The Printer -- Printers who were the reporters of the 18th century weren't protected by the same rights and privileges reporters enjoy today. Visitors will learn about the events that led to the Revolution, from the perspectives of three printers who were here.

Military programs: Between 1774 and 1776 Virginia raised an army to protect the rights and liberties threatened by Parliament. Independent companies gave way to a standing army. During the summer, visitors will be irecruitedf into the Virginia army, established by the Third Virginia Convention in July 1775. The enlistees will learn military drills and other aspects of army life at the military encampment and will be invited to participate in large, public drills on Market Square at the end of each day.

Raleigh Tavern: During the 1770s Virginians protested the actions of Parliament, which increasingly exerted its control over the colony. Legislation like the Townshend Duties and the Stamp Act imposed taxes on Virginians. The Raleigh Tavern was the site of extra-legal meetings in which disaffected Virginians planned economic protest and agitated for repeal of the laws.

Peyton Randolph House: Born into one of Virginia's foremost families, Peyton Randolph was among the most powerful and prominent political figures of his time. Programs at the Peyton Randolph House will explore how individuals within the family -parents, children and slaves -- made their own choices, fulfilled their roles during difficult times and faced the results of their choices -- choices which, in the case of the Randolphs, split the family apart.

In addition to programs at these sites, a range of daily programs will re-create activities that influenced Virginians' choices concerning loyalty or patriotism:


During the 18th century, half of Williamsburg's population was black. The lives of the slaves and free persons in this Virginia capital and at nearby Carter's Grove are presented in reenactments and programs by Colonial Williamsburg's Department of African-American Interpretation and Presentations, founded in 1988. The struggles, joys and pains of African-American field hands, maids, cooks, drivers and footmen as well as skilled carpenters, spinners, blacksmiths, coopers and wheelwrights are recalled through tours, special programs, character interpretations and nationwide outreach programs.


Families do more than watch history at Colonial Williamsburg; they live it. During the summer and on holiday weekends throughout the year, parents can watch or join their children in educational activities that also happen to be fun. Families can learn about 18th-century family life by helping with household chores, become Virginia delegates and vote for -- or against -independence and try a turn at the latest 18th-century dance steps. These are but a-few of the ways in whi-ch families can step into the past together.


Colonial Williamsburg and Pleasant Company have joined together to provide a unique vacation package designed to bring colonial history to life for young girls and their families. During outdoor guided walking tours and special teas, girls will explore life in 18th-century Williamsburg as seen through the eyes of Felicity Merrimans, a fictional character from the American Girls Collections of books, dolls and related products created by Pleasant Company.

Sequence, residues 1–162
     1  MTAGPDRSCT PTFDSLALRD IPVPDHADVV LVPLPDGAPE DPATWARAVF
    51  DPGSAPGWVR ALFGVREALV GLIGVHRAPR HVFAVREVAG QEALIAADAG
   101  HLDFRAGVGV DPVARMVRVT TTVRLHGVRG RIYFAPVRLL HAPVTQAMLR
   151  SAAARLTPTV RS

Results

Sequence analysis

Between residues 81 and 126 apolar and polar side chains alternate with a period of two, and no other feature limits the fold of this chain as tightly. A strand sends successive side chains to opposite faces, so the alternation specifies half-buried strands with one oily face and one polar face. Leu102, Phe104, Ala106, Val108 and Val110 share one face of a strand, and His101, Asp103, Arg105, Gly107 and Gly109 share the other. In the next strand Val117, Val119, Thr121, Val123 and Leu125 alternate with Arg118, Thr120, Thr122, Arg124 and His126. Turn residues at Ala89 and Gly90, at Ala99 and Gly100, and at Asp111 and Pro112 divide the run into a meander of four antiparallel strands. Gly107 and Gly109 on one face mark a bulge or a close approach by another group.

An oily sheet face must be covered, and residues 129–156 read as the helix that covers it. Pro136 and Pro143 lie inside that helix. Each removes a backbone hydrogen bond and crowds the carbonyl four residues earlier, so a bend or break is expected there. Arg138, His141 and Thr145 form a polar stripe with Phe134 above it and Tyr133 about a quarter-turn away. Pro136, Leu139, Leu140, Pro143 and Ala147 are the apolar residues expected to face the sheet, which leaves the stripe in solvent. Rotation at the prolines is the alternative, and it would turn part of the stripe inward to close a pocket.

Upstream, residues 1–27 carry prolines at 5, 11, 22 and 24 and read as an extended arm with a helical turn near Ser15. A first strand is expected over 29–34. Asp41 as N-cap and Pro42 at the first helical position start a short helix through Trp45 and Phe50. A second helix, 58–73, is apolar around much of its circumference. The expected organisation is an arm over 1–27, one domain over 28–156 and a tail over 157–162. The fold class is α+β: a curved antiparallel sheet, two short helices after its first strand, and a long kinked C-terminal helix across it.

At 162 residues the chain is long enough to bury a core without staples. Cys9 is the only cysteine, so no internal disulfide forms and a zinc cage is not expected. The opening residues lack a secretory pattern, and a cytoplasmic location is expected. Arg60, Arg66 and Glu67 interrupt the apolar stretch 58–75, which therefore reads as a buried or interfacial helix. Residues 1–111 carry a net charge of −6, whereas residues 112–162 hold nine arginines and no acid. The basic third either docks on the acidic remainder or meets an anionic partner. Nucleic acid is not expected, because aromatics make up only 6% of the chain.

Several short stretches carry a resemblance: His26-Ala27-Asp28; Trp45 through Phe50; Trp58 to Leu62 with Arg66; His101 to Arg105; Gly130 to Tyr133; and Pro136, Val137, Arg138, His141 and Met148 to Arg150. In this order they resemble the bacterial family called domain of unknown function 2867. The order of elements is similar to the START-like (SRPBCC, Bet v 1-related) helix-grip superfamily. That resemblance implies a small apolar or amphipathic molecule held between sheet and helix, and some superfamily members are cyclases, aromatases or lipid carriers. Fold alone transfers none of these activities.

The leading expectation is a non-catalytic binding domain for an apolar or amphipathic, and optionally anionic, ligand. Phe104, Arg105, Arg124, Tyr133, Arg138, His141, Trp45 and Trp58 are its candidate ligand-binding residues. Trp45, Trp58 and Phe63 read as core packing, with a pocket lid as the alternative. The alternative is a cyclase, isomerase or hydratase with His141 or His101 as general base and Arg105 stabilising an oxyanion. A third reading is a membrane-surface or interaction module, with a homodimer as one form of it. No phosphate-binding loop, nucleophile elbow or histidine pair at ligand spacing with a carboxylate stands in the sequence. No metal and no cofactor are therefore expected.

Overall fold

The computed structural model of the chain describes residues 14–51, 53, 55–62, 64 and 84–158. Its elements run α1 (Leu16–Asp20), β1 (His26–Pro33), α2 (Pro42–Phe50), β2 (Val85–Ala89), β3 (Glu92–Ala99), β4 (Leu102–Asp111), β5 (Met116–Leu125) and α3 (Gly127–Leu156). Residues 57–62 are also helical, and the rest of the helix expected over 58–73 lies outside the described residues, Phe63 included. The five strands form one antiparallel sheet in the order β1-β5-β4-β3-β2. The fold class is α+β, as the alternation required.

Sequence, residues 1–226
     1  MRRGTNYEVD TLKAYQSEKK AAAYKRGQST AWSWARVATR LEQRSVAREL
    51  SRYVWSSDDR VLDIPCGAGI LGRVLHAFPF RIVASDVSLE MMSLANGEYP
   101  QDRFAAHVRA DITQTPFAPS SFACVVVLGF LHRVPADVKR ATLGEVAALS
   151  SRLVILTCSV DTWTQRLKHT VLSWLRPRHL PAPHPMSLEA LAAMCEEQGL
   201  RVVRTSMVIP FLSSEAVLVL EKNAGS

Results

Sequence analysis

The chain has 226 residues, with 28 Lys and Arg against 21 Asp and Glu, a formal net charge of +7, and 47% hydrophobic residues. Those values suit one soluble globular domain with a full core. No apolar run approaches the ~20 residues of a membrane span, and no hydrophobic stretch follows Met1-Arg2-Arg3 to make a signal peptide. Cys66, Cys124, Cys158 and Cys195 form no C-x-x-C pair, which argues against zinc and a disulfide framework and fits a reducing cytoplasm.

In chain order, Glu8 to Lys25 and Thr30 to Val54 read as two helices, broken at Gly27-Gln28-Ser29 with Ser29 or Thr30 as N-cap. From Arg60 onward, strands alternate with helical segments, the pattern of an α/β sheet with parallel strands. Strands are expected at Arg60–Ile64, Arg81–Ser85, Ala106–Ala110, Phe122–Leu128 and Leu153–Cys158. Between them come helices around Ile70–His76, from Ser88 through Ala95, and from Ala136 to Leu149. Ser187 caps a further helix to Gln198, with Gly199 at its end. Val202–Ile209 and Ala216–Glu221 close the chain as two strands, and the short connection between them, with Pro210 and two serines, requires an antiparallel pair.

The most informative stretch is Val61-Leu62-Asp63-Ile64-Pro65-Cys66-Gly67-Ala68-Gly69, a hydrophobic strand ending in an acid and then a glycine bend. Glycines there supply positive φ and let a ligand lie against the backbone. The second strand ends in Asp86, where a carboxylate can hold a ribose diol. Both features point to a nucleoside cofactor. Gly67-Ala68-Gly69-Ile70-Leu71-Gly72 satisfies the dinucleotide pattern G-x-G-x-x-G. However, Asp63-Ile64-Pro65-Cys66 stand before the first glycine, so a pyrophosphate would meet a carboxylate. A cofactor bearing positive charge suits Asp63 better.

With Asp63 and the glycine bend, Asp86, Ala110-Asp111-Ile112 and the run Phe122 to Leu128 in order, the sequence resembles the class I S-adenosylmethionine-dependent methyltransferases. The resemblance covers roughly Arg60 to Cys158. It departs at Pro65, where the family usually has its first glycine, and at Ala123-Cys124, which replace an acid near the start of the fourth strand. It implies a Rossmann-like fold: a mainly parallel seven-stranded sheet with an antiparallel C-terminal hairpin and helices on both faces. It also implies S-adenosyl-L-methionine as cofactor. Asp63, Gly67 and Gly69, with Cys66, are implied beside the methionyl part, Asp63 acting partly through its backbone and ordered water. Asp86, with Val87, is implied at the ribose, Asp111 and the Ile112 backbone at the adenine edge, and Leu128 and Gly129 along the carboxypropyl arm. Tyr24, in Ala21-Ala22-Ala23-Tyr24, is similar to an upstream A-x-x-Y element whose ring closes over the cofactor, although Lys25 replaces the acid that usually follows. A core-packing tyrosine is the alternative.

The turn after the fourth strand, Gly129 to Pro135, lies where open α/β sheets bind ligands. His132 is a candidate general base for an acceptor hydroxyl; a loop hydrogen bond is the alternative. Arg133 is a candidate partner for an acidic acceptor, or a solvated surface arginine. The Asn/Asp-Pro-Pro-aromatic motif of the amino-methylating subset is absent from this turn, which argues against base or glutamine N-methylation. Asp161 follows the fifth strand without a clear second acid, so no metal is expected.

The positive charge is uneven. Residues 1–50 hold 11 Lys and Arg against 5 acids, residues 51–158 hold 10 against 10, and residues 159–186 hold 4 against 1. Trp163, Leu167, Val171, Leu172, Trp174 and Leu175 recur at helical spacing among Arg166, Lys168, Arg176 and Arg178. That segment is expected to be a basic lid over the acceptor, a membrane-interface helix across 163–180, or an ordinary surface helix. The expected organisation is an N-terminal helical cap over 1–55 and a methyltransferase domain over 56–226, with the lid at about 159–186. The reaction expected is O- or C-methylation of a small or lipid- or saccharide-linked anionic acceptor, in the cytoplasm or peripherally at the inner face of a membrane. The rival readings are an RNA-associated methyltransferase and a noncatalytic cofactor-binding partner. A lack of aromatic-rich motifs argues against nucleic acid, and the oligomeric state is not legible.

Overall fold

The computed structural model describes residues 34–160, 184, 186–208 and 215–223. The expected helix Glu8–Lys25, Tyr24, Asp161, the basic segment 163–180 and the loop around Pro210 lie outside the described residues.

The "Felicity in Williamsburg" package is designed for two adults and two children. It includes two nights' accommodations, two breakfasts for four, a dinner for four in a Colonial Williamsburg tavern, meal gratuities, two tickets for the Felicity tour and tea, and four hotel guest admission tickets to the Historic Area. Packages are available daily June 22 - Sept. 5, and on weekends thereafter. Rates range from $470-$648 depending on the season and choice of accommodations. For information and reservations, call toll-free (800) 501-0057.


Admission & Directions:

Basic Plus Ticket -

This ticket, good for two consecutive days, includes an orientation walk and provides admission to all Historic Area exhibition buildings, trade shops and homes, and to the Abby Aldrich Rockefeller Folk Art Center, DeWitt Wallace Decorative Arts Gallery and Carter's Grove. It does not-include Bassett Hall or special-interest tours. Adults, $29; Children ages 6-12, $17.

Basic Admission Ticket -

This one-day ticket provides admission to exhibition buildings and trade shops in the Historic Area and a 30-minute introductory tour. Adults, $25; Children ages 6-12, $15.

For reservations in an official Colonial Williamsburg hotel, call toll-free (800) HISTORY. For program information or advance ticket sales, call toll free (800) 246-2099.

Midway between Richmond and Norfolk, Va., Colonial Williamsburg is served by international airports at Newport News, Norfolk and Richmond. Amtrak provides daily rail service to Williamsburg, and the Colonial Williamsburg Visitor Center is easily accessible by car via Interstate 64, exit 238. Ample free parking is available.



Key Personnel:

James Ebert, Supervisor
Susan M. Stuntz, Director of Public Relations.